Salmonid Restoration Federation
Restoring Watersheds and Rebuilding Salmon Runs
29 March - 1 April, 2017
Davis, California

Reviving the San Joaquin River from Tributaries to the Delta

01 April 2017
1:15pm - 5:00pm
Session Coordinator:

A large-scale restoration project focused on reviving one of California's largest rivers, the San Joaquin River, is currently underway. A legal settlement established a Restoration Goal and a Water Management Goal that drives the multi-agency efforts of channel modification, restoration hydrograph development, and reintroduction of Chinook salmon, Oncorhynchus tshawytscha. The Restoration Area, which begins at Friant Dam and continues downstream to the confluence of the Merced River, is approximately 153 miles long and historically maintained one of the largest spring-run Chinook salmon populations in California, with annual escapement ranging from 200,000 to 500,000 adult returns. However, completion of Friant Dam and subsequent diversions resulted in blocking salmon from portions of historic spawning and rearing reaches and ultimately dewatering large sections of the lower river. Extirpation of Chinook salmon occurred over 60 years ago with the last documented run of spring-run Chinook salmon consisting of 36 individuals in 1950. Restoration of the remaining anadromous portion of the river is a complex process involving implementing agencies, cooperating agencies, settling parties, a technical advisory committee and local stakeholders. The goal of this session is to focus on the restoration program accomplishments to date, involving: spring and fall-run Chinook salmon introduction; model development; structural river channel improvements to allow for full restoration flow releases; and planning for large-scale fish passage and channel improvements.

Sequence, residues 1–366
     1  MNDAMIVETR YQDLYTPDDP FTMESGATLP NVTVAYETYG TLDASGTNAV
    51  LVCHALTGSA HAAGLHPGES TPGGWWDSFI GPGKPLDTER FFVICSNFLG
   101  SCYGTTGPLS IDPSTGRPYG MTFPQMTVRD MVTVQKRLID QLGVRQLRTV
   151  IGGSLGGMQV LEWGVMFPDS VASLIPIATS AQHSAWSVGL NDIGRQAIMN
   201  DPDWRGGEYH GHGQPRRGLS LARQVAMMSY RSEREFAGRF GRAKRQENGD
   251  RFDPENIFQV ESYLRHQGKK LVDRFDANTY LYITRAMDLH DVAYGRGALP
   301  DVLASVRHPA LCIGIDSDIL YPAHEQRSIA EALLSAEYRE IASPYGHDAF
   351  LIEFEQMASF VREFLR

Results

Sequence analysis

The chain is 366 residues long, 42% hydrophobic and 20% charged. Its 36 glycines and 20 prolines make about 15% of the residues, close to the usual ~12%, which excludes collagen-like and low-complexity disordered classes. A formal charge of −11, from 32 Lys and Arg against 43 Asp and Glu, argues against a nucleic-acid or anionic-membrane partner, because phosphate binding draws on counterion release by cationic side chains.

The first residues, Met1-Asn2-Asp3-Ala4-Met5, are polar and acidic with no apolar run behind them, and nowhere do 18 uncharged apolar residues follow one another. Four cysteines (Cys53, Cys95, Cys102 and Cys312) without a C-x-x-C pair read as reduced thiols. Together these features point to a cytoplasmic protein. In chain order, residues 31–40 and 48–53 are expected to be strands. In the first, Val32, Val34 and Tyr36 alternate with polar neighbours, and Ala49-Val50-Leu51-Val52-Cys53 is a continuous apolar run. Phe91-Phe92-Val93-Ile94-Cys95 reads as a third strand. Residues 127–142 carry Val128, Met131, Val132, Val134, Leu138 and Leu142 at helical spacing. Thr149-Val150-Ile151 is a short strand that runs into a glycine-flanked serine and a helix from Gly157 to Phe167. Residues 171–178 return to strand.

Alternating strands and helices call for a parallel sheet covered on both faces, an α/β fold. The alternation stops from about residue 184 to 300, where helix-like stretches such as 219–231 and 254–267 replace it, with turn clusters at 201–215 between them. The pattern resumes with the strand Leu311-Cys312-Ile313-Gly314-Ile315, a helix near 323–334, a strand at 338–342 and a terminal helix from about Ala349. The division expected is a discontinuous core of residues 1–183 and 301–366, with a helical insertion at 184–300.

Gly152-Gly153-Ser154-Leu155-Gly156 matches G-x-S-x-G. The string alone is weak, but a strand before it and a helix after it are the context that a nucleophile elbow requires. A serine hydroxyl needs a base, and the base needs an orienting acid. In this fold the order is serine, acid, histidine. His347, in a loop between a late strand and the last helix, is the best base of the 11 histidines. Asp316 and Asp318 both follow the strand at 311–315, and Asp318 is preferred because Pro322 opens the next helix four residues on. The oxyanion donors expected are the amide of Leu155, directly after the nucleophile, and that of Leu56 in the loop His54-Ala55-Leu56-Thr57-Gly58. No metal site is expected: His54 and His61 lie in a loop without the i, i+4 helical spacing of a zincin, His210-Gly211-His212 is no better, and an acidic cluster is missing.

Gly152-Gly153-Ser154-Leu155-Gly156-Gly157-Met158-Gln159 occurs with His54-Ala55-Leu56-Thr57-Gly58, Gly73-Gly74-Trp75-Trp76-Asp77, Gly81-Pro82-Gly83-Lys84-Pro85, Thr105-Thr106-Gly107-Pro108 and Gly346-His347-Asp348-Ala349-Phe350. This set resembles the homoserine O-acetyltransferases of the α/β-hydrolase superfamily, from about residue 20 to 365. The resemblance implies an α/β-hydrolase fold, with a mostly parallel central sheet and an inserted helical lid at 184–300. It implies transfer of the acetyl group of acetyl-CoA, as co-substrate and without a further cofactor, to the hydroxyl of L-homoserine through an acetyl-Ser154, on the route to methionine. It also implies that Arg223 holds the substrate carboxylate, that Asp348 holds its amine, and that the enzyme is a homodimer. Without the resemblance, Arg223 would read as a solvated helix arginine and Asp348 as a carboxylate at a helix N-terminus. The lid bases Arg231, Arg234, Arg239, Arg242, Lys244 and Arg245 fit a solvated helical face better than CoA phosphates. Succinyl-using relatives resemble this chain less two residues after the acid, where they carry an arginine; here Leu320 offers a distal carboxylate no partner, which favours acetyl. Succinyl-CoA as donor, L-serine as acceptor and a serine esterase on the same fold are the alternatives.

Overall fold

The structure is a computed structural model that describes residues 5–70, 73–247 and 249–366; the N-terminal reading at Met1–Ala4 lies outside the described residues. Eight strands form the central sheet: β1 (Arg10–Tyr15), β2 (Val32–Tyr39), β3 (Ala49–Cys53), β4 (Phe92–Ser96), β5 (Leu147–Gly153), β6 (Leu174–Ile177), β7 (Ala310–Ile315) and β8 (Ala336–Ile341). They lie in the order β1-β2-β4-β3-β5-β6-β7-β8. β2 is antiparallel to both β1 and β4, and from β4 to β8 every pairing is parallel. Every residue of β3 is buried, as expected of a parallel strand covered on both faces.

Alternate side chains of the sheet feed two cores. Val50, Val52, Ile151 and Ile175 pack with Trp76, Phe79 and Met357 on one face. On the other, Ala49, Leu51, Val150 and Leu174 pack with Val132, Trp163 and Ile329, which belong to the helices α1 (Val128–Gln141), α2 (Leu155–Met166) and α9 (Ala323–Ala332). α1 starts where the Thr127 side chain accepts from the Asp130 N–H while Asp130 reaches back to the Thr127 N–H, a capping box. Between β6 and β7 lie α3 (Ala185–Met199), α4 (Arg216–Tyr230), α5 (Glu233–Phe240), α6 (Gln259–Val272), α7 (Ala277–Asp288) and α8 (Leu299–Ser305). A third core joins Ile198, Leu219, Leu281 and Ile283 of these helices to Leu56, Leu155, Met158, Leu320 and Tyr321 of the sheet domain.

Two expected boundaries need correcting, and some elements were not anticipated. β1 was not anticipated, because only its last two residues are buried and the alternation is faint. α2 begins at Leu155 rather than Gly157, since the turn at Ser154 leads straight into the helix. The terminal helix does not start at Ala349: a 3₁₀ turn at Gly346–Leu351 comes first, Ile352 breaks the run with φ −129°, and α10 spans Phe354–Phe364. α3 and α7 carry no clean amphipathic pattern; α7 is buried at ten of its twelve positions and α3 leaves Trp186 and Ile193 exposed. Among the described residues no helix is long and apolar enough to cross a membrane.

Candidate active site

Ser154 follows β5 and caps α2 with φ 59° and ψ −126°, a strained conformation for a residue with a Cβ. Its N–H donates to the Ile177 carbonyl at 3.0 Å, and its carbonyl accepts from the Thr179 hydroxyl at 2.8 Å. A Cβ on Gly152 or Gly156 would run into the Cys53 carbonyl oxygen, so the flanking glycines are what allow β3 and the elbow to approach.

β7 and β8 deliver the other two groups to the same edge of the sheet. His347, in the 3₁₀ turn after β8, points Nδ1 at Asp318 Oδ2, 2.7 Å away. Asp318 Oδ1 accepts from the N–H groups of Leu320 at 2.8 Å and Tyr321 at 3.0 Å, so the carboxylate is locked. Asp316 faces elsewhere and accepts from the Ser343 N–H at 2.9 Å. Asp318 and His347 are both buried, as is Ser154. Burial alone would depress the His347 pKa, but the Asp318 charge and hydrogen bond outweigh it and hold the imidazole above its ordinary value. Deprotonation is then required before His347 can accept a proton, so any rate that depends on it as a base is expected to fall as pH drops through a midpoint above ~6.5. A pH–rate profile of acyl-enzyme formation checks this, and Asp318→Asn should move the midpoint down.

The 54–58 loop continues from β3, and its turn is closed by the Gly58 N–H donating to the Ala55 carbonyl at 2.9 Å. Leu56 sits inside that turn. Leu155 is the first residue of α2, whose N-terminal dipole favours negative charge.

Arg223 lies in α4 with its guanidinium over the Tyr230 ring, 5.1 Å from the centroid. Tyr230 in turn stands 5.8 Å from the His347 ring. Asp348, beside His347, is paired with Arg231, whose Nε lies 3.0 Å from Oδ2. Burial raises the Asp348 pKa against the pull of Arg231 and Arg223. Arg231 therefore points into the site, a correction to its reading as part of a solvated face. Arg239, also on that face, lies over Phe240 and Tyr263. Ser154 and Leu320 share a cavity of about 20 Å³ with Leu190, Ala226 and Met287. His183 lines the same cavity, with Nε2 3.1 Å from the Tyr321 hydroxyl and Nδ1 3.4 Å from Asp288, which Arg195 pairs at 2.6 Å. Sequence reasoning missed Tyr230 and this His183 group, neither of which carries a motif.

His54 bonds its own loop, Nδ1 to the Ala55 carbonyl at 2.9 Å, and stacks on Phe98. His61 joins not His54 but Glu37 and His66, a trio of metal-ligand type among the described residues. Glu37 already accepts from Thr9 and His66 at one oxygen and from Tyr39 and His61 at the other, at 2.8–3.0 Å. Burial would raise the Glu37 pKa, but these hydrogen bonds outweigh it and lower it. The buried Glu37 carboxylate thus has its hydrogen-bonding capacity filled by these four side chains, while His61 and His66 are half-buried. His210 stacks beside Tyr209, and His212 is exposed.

Revised Draft Substitute Environmental Document for Flow Objectives on the Lower San Joaquin River and How It Benefits Fish
Daniel Worth, State Water Resources Control Board

Managing Precocious Maturation in Chinook Salmon (Oncorhynchus tshawytscha) Captive Broodstock
Paul Adelizi, California Department of Fish and Wildlife

Spawning Behavior and Habitat selection of Chinook Salmon (Oncorhynchus tshawytscha) within the San Joaquin River, California
Andy J. Shriver, California Department of Fish and Wildlife

Removing Dennett Dam to Restore the Tuolumne River Water, Wealth, Contentment, Health
Colin Hanley, P.E., FlowWest, and Patrick Koepele, Tuolumne River Trust

Restoration and Salmon Reintroduction in the Southern San Joaquin Basin: Exploring the Regulatory Framework
Jeff Abrams, NMFS, San Joaquin River Branch